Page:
On a spring day in Glacier Bay in Southeast Alaska, a raft of sea otters is floating near Bartlett Cove. The water is cold, but these otters aren't feeling it. Most marine mammals in Alaska retain their body heat with a thick layer of blubber. Sea otters are different. They don't have a lot of body fat and instead depend on thick, well-groomed fur. Otters have phenomenally thick fur. We humans have about 2,000 hairs per square inch on our heads. Dogs have as much as 60,000 hairs per square inch, and the luxurious coat of a cat can be five times that dense. A sea otter can have up to a million hairs per square inch - the densest fur coat of any animal in the world. Long, waterproof guard hairs protect dense underfur.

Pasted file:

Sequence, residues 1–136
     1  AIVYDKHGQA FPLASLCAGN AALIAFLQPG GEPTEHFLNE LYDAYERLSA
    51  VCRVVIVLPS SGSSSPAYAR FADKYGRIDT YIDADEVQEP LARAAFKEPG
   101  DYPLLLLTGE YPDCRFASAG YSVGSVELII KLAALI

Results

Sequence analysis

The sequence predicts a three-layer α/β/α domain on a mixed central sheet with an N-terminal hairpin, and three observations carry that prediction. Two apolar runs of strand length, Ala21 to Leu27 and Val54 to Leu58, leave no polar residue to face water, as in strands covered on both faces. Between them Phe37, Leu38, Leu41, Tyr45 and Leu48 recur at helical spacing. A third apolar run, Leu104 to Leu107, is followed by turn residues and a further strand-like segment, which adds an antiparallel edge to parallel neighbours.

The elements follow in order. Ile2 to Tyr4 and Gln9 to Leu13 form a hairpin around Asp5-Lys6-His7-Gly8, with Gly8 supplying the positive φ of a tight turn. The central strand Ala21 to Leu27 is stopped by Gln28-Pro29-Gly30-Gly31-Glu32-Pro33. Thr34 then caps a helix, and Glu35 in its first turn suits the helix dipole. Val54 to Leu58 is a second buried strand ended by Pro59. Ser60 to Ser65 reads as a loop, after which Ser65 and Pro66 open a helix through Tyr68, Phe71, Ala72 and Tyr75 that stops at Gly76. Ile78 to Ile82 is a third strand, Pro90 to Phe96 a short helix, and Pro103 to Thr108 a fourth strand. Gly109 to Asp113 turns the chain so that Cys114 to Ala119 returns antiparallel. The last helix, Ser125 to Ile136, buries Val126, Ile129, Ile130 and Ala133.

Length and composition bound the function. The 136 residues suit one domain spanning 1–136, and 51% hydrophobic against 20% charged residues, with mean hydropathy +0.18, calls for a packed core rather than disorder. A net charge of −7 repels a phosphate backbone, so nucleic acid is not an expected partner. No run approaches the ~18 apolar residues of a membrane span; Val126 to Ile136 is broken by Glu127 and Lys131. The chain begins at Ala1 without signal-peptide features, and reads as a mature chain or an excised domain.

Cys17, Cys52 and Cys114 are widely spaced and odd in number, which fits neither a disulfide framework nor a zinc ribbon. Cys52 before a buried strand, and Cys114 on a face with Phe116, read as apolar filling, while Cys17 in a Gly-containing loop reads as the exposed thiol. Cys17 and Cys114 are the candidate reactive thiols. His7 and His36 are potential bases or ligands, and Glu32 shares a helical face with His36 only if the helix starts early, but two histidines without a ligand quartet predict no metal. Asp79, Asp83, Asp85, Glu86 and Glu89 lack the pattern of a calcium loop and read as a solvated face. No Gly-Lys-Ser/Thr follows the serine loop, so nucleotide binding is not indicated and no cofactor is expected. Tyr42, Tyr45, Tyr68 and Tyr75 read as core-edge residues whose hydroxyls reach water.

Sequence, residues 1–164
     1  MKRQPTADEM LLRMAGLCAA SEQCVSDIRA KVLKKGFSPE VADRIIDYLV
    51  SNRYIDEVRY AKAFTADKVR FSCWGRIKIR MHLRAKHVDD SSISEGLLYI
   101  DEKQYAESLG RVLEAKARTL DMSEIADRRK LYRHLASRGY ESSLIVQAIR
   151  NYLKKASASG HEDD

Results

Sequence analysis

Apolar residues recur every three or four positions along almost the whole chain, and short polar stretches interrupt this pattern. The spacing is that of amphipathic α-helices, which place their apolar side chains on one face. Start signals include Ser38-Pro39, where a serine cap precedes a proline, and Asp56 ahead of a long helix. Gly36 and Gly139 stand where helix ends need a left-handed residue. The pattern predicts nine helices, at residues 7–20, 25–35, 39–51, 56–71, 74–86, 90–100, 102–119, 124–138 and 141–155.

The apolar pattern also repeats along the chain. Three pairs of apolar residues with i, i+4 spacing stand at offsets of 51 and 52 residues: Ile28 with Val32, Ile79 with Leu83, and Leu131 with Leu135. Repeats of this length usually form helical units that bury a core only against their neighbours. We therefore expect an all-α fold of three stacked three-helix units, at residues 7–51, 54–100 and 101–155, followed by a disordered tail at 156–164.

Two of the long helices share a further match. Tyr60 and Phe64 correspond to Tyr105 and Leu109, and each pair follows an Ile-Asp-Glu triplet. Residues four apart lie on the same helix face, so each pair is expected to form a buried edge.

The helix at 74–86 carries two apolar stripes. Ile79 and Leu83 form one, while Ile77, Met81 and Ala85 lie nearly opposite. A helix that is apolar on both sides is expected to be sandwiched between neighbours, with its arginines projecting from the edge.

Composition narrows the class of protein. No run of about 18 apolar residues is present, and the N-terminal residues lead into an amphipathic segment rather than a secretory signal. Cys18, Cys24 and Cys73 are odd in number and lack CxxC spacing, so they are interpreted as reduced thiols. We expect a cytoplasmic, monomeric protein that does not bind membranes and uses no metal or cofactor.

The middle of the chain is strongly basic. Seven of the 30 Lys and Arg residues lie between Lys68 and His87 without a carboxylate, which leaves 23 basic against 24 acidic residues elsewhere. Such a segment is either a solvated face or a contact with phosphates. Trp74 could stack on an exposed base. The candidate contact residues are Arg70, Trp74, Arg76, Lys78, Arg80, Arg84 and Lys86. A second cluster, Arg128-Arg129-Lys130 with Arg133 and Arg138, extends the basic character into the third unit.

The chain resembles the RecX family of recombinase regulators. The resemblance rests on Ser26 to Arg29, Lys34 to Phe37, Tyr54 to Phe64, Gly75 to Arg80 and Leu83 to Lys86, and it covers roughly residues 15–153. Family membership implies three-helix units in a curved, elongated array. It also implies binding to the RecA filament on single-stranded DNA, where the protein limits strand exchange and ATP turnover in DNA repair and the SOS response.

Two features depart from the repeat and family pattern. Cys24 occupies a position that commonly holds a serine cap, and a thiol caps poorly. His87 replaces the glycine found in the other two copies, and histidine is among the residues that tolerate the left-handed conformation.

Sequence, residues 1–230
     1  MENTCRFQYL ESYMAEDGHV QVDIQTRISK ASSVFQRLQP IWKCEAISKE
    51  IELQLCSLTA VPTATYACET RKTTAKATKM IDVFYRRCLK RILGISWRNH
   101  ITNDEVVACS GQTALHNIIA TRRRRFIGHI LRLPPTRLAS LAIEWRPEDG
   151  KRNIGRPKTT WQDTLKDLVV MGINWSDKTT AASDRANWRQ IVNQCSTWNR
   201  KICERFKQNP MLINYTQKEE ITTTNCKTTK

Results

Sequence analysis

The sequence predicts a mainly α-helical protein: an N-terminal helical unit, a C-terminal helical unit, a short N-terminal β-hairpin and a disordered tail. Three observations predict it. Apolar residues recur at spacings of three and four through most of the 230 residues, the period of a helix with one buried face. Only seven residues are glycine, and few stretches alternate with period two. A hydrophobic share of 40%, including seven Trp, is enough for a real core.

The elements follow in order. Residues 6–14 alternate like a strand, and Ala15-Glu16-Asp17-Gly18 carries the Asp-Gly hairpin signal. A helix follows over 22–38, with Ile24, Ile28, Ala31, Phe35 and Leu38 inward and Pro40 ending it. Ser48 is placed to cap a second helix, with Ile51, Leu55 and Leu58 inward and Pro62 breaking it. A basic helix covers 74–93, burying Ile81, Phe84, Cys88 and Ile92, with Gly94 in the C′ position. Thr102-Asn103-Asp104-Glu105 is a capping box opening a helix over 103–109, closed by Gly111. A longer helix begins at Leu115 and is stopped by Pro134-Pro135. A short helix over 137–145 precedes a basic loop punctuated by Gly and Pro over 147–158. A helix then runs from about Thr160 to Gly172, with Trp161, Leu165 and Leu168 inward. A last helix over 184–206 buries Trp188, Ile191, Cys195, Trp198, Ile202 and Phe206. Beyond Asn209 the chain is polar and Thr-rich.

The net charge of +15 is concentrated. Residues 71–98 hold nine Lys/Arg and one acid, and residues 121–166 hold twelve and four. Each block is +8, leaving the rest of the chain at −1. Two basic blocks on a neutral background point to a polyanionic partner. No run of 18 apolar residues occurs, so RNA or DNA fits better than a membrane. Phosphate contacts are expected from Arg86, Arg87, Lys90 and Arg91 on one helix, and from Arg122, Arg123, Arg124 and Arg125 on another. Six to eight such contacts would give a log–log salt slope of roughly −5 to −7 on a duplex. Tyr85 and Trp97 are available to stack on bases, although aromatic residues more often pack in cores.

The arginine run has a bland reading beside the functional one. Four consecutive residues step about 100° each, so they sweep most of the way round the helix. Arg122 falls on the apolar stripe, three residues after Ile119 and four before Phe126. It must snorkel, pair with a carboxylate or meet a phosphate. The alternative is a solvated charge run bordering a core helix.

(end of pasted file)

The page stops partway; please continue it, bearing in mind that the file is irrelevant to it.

Hair that thick requires constant grooming. Otters groom themselves to dry their underfur and to distribute oil from their skin into the fur, making it waterproof. Air trapped in the fur keeps the otter's skin dry. The sea otter is essentially encased in a thick bubble of air, which insulates four times better than a similar layer of blubber.
Sea otters groom a bit like cats - licking themselves and rubbing their fur with their paws. But they do this while floating in the water, somersaulting and rolling to reach every part. They spend a lot of time grooming - their lives depend on it. They also spend a lot of time eating - A high metabolism is coupled with that thick fur to keep sea otters warm in frigid Alaska waters.